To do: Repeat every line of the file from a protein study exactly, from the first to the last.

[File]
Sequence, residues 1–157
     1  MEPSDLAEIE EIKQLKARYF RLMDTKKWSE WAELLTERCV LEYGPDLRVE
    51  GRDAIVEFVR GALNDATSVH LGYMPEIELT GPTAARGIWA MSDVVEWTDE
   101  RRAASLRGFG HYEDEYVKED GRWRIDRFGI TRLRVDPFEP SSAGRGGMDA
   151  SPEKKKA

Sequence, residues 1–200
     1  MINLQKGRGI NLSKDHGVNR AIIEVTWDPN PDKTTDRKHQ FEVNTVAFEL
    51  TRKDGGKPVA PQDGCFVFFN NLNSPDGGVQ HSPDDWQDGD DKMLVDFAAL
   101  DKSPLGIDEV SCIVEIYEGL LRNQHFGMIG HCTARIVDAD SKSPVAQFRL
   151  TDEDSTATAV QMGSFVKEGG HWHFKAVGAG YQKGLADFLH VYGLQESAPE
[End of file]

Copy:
Sequence, residues 1–157
     1  MEPSDLAEIE EIKQLKARYF RLMDTKKWSE WAELLTERCV LEYGPDLRVE
    51  GRDAIVEFVR GALNDATSVH LGYMPEIELT GPTAARGIWA MSDVVEWTDE
   101  RRAASLRGFG HYEDEYVKED GRWRIDRFGI TRLRVDPFEP SSAGRGGMDA
   151  SPEKKKA

Sequence, residues 1–200
     1  MINLQKGRGI NLSKDHGVNR AIIEVTWDPN PDKTTDRKHQ FEVNTVAFEL
    51  TRKDGGKPVA PQDGCFVFFN NLNSPDGGVQ HSPDDWQDGD DKMLVDFAAL
   101  DKSPLGIDEV SCIVEIYEGL LRNQHFGMIG HCTARIVDAD SKSPVAQFRL
   151  TDEDSTATAV QMGSFVKEGG HWHFKAVGAG YQKGLADFLH VYGLQESAPE